Euclid of Alexandria, in his “Elements” (300 BC), gave us the first clear definition what he called “The Extreme and Mean Ratio” but what was later raised to loftier levels and called “The Golden Ratio” and “The Divine Proportion”.

The ratio actually has two Greek letters used to symbolize it: phi (φ) is more commonly used and is named after “Phidias”– a Greek sculptor (more on that later). But professional mathematicians often use tau (τ) because “tau” is the first letter in “tomi” which means “the section” in Greek.

Phi is a fascinating irrational number. I am enjoying Mario Livio’s book “The Golden Ratio” which I will use as fodder for a few posts. But first, I thought I’d get readers a little invested with an exercise!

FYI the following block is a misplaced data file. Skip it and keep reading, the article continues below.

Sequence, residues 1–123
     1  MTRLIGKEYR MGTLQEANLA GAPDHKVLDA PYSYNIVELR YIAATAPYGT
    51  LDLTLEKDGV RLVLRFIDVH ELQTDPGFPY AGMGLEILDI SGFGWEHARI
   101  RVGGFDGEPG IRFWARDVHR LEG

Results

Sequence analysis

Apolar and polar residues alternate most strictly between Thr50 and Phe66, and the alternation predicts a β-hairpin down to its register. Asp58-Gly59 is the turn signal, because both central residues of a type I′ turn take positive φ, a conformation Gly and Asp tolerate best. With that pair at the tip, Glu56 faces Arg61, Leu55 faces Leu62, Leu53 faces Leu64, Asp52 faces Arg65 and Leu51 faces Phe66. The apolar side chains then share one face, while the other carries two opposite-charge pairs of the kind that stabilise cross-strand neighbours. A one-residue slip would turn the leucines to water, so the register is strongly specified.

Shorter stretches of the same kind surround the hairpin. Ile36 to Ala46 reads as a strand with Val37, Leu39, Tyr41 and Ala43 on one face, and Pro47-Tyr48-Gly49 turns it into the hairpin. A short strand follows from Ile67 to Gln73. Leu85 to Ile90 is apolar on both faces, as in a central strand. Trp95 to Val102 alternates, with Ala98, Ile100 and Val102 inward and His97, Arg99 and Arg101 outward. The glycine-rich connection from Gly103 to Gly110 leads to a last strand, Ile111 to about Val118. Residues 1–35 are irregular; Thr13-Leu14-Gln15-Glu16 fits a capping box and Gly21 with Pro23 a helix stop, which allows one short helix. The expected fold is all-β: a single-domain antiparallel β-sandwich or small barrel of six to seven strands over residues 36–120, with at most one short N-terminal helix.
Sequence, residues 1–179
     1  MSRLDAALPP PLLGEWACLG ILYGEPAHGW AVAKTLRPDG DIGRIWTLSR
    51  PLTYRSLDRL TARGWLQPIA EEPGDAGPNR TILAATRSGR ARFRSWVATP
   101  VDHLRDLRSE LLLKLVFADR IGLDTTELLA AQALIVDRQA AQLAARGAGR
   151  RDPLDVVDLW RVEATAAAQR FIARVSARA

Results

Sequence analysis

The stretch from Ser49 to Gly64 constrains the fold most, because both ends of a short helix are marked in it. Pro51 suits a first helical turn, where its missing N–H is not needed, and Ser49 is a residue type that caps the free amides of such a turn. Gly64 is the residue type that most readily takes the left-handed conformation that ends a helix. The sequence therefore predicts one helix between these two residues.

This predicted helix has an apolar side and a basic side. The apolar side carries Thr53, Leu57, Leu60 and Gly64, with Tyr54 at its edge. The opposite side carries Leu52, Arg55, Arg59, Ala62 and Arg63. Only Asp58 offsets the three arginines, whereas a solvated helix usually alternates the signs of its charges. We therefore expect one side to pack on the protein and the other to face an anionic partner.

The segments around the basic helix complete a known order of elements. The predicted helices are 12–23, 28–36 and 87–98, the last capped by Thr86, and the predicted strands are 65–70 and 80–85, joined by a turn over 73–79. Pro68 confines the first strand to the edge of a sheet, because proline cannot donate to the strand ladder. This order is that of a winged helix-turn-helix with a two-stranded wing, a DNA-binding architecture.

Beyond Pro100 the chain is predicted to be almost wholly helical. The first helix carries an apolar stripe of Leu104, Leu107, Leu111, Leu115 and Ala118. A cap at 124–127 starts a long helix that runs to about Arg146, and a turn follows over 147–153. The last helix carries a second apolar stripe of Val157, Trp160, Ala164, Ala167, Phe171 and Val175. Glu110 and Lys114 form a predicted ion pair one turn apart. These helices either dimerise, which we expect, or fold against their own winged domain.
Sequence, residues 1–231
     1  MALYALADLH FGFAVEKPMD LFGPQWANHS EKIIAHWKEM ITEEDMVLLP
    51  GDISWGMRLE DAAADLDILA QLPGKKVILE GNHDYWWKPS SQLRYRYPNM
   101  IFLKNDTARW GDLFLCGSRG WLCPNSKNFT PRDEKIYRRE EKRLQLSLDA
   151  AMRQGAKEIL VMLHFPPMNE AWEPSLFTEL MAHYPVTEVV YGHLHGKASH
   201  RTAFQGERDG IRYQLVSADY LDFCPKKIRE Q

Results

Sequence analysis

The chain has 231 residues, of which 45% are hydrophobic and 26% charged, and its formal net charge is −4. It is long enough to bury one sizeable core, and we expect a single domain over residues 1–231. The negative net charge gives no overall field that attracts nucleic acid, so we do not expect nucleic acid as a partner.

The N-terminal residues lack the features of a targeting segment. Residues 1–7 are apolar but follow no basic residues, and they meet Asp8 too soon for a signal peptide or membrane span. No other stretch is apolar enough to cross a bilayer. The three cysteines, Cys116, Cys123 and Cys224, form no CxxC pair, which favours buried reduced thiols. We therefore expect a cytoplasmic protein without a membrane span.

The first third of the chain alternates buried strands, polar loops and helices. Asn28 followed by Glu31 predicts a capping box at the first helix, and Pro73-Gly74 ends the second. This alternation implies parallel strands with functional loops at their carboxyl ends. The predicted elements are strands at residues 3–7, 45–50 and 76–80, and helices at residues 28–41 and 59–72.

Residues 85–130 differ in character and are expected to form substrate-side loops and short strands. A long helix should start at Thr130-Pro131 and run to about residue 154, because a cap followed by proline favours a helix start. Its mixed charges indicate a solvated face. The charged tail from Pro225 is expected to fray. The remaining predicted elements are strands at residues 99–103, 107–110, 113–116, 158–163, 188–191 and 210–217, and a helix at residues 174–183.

Help Euclid find the spot, “C”, on the line segment AB that fulfills the equation to its right. In other words: What point do you think creates “The Divine Proportion”?

I eyeballed it right, but then did the math. I think the right dot is 2px too low in your drawing. 🙂

Either you need geek therapy or a screen that pixilates better. 🙂